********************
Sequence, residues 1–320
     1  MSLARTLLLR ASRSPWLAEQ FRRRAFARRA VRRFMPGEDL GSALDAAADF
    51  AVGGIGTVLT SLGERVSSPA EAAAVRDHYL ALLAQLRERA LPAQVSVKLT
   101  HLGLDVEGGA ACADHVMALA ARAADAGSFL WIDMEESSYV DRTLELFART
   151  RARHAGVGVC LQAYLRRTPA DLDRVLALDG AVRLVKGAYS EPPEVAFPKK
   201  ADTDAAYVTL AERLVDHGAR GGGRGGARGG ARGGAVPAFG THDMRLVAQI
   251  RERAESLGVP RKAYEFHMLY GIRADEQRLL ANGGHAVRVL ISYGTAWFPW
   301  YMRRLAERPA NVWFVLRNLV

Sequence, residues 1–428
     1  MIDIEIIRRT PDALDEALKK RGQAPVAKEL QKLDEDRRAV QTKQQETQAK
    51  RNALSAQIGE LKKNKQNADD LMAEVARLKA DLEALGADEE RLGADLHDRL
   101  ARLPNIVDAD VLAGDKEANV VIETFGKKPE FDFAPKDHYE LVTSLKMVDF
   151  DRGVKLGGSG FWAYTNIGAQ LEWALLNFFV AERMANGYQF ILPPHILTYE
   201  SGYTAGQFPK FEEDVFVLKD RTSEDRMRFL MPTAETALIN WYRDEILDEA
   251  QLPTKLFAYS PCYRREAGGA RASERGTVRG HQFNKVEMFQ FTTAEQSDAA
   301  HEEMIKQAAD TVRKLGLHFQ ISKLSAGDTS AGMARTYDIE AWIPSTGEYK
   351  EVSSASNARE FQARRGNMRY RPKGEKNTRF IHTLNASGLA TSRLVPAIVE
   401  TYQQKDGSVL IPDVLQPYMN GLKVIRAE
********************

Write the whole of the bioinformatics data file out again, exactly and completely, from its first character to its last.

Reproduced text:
Sequence, residues 1–320
     1  MSLARTLLLR ASRSPWLAEQ FRRRAFARRA VRRFMPGEDL GSALDAAADF
    51  AVGGIGTVLT SLGERVSSPA EAAAVRDHYL ALLAQLRERA LPAQVSVKLT
   101  HLGLDVEGGA ACADHVMALA ARAADAGSFL WIDMEESSYV DRTLELFART
   151  RARHAGVGVC LQAYLRRTPA DLDRVLALDG AVRLVKGAYS EPPEVAFPKK
   201  ADTDAAYVTL AERLVDHGAR GGGRGGARGG ARGGAVPAFG THDMRLVAQI
   251  RERAESLGVP RKAYEFHMLY GIRADEQRLL ANGGHAVRVL ISYGTAWFPW
   301  YMRRLAERPA NVWFVLRNLV

Sequence, residues 1–428
     1  MIDIEIIRRT PDALDEALKK RGQAPVAKEL QKLDEDRRAV QTKQQETQAK
    51  RNALSAQIGE LKKNKQNADD LMAEVARLKA DLEALGADEE RLGADLHDRL
   101  ARLPNIVDAD VLAGDKEANV VIETFGKKPE FDFAPKDHYE LVTSLKMVDF
   151  DRGVKLGGSG FWAYTNIGAQ LEWALLNFFV AERMANGYQF ILPPHILTYE
   201  SGYTAGQFPK FEEDVFVLKD RTSEDRMRFL MPTAETALIN WYRDEILDEA
   251  QLPTKLFAYS PCYRREAGGA RASERGTVRG HQFNKVEMFQ FTTAEQSDAA
   301  HEEMIKQAAD TVRKLGLHFQ ISKLSAGDTS AGMARTYDIE AWIPSTGEYK
   351  EVSSASNARE FQARRGNMRY RPKGEKNTRF IHTLNASGLA TSRLVPAIVE
   401  TYQQKDGSVL IPDVLQPYMN GLKVIRAE